Wilderness Experience

Daily Devotional – I’m Normal.™  I AM Ministries

“To promote Godly living in a culture committed to destroying it”

Normal I AM

Monday, October 24, 2016

Wilderness Experience

When John the Baptist first began to preach, he chose to do it in the wilderness (Matthew 3:1). His venue choice seems at first to be almost a suicidal career move. What sane person would try to lure people to a remote desert location when a city such as Jerusalem offered easy access and comfort? The desert offers no infrastructure for a synagogue or church, whereas the major cities were bastions of religion and the necessary synagogues. Jerusalem seemed to be an obvious choice for a ministry because it was home to God’s Temple. Nevertheless, as He often does, God juxtaposed man’s logic with His logic for His glory. We can also see how God makes frequent use of wilderness areas, whereas we tend to avoid them.

Although classified as desert territory, the area where John preached was not totally uninhabited. Six cities and their villages existed there, including Hebron, where John the Baptist was born. This part of the country was not as densely populated as other regions and lacked the bountiful fields and productive vineyards that existed in other parts of Israel. Yet God decided John should start his business of preaching in this desert land in Judea.

John preached the Word of the LORD, which had reached him despite his physical remoteness. God provides us with an important lesson: no place is so far removed as to isolate us from His message and power. If God wishes to bring us His Word, He will find us whether we are surrounded by others or isolated in the wilderness. In John’s case, it probably allowed him to focus on God’s message of repentance and redemption. In Jerusalem, he would have wasted much of his time dealing with skeptical and antagonistic Pharisees.

Wilderness locations often provide the ideal place to find God. It was not unusual for God’s children to enjoy some of their most pleasant encounters and communion with God while they were withdrawn from the hustle and bustle of the world. David wrote the 63rd Psalm in this same Judean wilderness, which extols his precious communion with God. Even today, many people find it easier to connect with God when visiting an isolated natural setting in the wilderness.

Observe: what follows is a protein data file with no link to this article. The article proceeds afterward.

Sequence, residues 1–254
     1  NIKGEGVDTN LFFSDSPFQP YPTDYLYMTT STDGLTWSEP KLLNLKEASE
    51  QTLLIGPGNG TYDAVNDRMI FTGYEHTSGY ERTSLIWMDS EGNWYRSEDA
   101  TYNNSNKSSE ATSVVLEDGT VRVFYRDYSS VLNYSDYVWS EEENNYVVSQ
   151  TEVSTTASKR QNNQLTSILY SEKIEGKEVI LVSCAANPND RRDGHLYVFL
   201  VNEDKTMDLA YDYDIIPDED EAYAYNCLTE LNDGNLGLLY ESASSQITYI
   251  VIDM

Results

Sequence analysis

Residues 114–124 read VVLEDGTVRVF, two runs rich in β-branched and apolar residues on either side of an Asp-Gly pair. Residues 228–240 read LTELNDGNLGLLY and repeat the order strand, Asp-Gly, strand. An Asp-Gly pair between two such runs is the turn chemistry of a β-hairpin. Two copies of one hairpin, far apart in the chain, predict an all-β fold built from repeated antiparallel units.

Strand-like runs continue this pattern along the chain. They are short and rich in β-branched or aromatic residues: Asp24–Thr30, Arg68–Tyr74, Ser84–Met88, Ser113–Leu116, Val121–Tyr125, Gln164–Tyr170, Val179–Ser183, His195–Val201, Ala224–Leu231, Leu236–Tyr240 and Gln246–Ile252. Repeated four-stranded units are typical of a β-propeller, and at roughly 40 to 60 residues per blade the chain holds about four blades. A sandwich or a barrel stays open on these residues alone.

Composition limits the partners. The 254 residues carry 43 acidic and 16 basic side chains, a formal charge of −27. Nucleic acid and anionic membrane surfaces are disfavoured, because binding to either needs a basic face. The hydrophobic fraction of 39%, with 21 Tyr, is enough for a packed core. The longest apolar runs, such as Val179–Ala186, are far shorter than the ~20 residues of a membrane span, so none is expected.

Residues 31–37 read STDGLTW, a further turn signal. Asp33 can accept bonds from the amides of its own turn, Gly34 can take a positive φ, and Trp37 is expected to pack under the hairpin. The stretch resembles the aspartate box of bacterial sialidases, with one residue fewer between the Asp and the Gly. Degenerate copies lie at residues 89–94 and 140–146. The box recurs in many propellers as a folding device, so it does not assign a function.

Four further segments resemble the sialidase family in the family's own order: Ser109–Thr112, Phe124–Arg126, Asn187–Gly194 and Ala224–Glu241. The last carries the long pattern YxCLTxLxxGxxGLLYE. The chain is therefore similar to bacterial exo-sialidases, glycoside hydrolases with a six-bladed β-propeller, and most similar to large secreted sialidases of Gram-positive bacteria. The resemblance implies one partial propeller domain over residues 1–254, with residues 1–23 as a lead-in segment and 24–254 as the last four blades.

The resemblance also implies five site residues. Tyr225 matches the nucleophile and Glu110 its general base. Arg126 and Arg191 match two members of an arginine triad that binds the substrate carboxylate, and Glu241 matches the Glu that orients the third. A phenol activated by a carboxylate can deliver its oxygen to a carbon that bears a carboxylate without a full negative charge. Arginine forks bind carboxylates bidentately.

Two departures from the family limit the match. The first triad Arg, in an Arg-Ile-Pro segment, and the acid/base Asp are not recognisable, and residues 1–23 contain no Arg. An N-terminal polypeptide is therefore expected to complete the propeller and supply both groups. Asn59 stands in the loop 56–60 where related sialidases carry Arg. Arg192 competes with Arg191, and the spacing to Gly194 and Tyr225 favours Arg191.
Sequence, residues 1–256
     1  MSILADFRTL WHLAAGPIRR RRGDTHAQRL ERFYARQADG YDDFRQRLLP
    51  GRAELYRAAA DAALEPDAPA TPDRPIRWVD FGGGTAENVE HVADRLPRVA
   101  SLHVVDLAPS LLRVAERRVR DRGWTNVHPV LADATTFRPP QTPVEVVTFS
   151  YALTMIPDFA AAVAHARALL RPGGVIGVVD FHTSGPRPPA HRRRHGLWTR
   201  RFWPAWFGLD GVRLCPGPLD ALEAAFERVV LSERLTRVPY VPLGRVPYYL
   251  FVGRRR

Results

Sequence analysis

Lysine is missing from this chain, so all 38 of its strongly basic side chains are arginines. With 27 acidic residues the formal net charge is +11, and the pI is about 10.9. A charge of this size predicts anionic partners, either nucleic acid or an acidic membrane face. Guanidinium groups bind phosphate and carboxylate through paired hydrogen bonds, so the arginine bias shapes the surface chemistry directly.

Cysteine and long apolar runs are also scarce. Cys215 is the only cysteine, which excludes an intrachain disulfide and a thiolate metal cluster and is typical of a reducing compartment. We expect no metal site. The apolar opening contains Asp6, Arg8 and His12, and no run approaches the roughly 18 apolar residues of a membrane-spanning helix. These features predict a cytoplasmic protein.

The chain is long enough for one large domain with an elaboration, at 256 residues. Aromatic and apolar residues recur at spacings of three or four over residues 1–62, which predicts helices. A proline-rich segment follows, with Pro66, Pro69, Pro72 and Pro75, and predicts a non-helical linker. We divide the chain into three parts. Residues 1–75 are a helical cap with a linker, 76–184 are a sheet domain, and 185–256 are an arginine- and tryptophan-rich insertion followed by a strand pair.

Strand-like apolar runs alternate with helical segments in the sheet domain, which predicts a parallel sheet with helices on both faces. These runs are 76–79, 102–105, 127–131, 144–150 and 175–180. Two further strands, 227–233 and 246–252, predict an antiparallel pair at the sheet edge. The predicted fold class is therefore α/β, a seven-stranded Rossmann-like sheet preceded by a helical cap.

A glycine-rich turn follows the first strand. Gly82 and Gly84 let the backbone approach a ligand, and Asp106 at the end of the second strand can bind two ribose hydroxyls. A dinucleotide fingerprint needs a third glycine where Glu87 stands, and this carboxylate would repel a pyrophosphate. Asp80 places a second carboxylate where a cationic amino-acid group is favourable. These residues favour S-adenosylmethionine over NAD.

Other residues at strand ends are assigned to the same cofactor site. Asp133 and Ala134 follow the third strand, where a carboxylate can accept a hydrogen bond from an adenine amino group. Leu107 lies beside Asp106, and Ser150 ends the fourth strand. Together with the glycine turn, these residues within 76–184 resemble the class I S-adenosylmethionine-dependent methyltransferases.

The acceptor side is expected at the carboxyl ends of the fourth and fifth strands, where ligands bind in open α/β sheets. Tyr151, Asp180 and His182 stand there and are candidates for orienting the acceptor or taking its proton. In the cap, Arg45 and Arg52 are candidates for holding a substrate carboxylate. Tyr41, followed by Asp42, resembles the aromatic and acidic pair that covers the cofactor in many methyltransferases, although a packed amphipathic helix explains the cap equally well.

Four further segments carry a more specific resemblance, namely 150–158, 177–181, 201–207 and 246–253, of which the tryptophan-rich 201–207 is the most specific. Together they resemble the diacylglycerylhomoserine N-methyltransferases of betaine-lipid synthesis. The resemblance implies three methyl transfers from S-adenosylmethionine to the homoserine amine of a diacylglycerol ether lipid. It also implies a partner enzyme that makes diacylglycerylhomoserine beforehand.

Our Christian heritage had important beginnings in the wilderness. The Law was given to Moses in the desert wilderness, one of the defining moments of the Old Testament. The message is that God considered it normal to give Moses the Ten Commandments in the middle of the desert. Here, with John, we see the New Testament was first found in a desert land. Even as he preached the Word of the LORD, the Word of the LORD in the flesh, Jesus Christ Himself (John 1:1), came to John.

With the arrival of Jesus, we again see how God often reverses man’s logic. John was a priest descended from Aaron and the Levites, yet we see him preaching in the wilderness. We never read of him preaching in the temple as his fathers did. Jesus, who was not descended from the line of Aaron and the Levite priests, was often found in the temple preaching with full authority, just as it was foretold (Malachi 3:1). God’s clear message was that Christ’s eternal priesthood was to replace that of Aaron and send the obsolete priesthood into a spiritual wilderness.

When God sent us Jesus, He not only reversed man’s logic, He reversed the prevailing spiritual paradigm. Before Jesus, spirituality consisted of man’s quest to find God, be it in the city or the wilderness. Through the Gospel of Jesus Christ, it is now God’s quest to find man. He is looking for those who have a heart for His Son and the redemption He brings.

When we think of a desert wilderness, our first thoughts often question how the isolated setting could be productive. It doesn’t seem normal to link empty wilderness and the propagation of God’s Holy Word. Yet God uses the wilderness to show us His infinite power. It is normal for Him to take just a little and to multiply it many-fold. The vast emptiness of a wilderness is not an obstacle for the power of God as it would be for us.

If God has you in a wilderness experience in your life, know He has the power to bring about His will despite the apparent barrenness and emptiness. In fact, He may be closer at hand than you ever imagined. He is ready to use you if you will turn to Him and seek Him. Are you ready to experience the power of a wilderness experience with God? The wilderness you feel inside may be a sign He is about to display His awesome power.

Jeff Myers
A servant of Jesus Christ

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